Horologium mirabile Lundense
This Swedish astronomical clock was in storage for almost a century before its glorious workings were put on display once more.
The astronomical clock in the Lund Cathedral known as Horologium mirabile Lundense is a magnificent artistic structure, but also contains surprisingly precise and modern pieces of engineering that were hidden in storage for almost a hundred years.
The Lund Cathedral itself was built in the mid 12th century, but the elegant astronomical clock was not first installed until 1387. The elaborate piece of machinery stood proudly in the cathedral for hundreds of years before it was dismantled in 1837 and placed into storage. The historic time piece, which in addition to simply telling the time of day could predict a number of religious holidays and the days they would fall on in the future, was finally put back together and restored to its rightful place in the cathedral in 1923.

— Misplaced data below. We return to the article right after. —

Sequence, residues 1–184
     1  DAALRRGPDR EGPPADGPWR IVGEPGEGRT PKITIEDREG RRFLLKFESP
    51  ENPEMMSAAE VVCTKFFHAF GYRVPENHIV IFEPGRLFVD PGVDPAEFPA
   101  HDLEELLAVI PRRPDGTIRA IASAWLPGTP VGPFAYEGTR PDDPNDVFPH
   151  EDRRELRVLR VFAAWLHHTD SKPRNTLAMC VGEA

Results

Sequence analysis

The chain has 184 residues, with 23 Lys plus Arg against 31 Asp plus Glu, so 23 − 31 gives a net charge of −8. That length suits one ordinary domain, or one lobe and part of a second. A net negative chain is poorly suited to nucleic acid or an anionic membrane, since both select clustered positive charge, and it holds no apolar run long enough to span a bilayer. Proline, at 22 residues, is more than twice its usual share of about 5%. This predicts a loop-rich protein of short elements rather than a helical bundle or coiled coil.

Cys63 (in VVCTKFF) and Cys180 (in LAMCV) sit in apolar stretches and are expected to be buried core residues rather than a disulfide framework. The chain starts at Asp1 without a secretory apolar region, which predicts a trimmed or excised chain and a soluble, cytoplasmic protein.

Today the clock once again clicks along, displaying all of the original features such as a pair of knights that mark the hours, between which is the figure of Saint Lawrence, the cathedral’s patron saint. When the clock was reassembled, the astronomical marking backing card was updated to be accurate from 1923 to 2123 at which point a new reference will have to be installed, although at that point it will likely be a hologram.
Know Before You Go
You can't miss the giant cathedral in the center of Lund, Sweden.
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